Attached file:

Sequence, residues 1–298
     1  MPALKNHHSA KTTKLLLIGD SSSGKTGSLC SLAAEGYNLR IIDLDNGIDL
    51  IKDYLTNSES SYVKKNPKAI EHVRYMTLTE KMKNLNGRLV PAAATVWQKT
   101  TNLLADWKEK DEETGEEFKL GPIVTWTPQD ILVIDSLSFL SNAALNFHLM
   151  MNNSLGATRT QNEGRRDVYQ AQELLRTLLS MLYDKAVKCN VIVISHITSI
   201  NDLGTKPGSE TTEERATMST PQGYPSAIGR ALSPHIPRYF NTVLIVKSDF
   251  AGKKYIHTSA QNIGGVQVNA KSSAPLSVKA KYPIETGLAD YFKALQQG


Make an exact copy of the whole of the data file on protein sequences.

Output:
Sequence, residues 1–298
     1  MPALKNHHSA KTTKLLLIGD SSSGKTGSLC SLAAEGYNLR IIDLDNGIDL
    51  IKDYLTNSES SYVKKNPKAI EHVRYMTLTE KMKNLNGRLV PAAATVWQKT
   101  TNLLADWKEK DEETGEEFKL GPIVTWTPQD ILVIDSLSFL SNAALNFHLM
   151  MNNSLGATRT QNEGRRDVYQ AQELLRTLLS MLYDKAVKCN VIVISHITSI
   201  NDLGTKPGSE TTEERATMST PQGYPSAIGR ALSPHIPRYF NTVLIVKSDF
   251  AGKKYIHTSA QNIGGVQVNA KSSAPLSVKA KYPIETGLAD YFKALQQG